A favorite sight this time of year on the Jerusalem streets–pomegranates are ripening on the trees. And those in the know cover the ripe fruit to protect it from the birds.

So there you have it, some of the good things happening in Jerusalem to balance the bad ones that make headlines.

Take care and stay well, the new year will be here soon.

7 positive things in Jerusalem this week

Oh, what a year it has been in Jerusalem, Israel!

Oh, what a week it has been!

Where to start?

It’s been a year since Jerusalem’s Old City walls were lit with flags of Bahrain and the United Arab Emirates in honor of the Abraham Accords.

This week the first Israeli baby was born in UAE, Mia’s father is the Israeli General Consul in Dubai. Because of coronavirus normalization has not gone as fast as many would have liked.

Still waiting to show new Twitter friends the real Jerusalem streets when they are finally able to travel here.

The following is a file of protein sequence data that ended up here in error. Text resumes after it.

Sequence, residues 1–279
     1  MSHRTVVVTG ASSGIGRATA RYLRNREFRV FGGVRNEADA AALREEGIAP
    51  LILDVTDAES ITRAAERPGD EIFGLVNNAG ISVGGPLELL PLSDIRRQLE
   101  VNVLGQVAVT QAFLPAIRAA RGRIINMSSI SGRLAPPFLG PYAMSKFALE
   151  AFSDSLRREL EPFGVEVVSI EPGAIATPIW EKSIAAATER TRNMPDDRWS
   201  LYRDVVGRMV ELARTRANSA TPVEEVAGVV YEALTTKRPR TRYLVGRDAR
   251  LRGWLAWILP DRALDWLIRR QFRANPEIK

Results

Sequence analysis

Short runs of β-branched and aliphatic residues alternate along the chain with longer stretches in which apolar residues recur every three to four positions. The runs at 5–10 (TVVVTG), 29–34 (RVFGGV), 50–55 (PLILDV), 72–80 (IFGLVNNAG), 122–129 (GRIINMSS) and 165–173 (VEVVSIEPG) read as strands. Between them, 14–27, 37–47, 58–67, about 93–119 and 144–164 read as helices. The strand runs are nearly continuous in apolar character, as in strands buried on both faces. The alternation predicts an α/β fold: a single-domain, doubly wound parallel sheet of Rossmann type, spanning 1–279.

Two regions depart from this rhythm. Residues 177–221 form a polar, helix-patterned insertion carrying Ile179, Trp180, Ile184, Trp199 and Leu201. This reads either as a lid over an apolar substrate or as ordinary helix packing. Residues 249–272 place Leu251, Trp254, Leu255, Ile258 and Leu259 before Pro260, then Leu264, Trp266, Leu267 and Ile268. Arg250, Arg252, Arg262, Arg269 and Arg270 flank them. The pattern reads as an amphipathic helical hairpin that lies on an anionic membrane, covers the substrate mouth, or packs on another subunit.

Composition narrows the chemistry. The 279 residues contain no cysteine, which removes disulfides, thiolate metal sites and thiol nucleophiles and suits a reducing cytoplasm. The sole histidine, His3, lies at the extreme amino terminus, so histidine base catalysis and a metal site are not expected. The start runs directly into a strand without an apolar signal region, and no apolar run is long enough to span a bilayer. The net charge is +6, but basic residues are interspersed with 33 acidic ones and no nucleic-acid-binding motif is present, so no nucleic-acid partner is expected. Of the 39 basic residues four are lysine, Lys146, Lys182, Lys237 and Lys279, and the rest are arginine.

Too many lights over the Jerusalem, Israel streets to see the meteor show, but we did have a clear view of the new moon, over the entrance to the city filled with construction cranes. Building and moving are major themes this week in and around Jerusalem.

New decorations keep popping up over the city center.

People have returned in large numbers to the outdoor spaces.

During the heat of the day, I try to stay off the streets. Jaffa Gate was not filled with the usual tourists, but a slow, steady stream of visitors.

Large gatherings are in danger of being canceled with the new COVID19 regulations and rising numbers of people sick with coronavirus.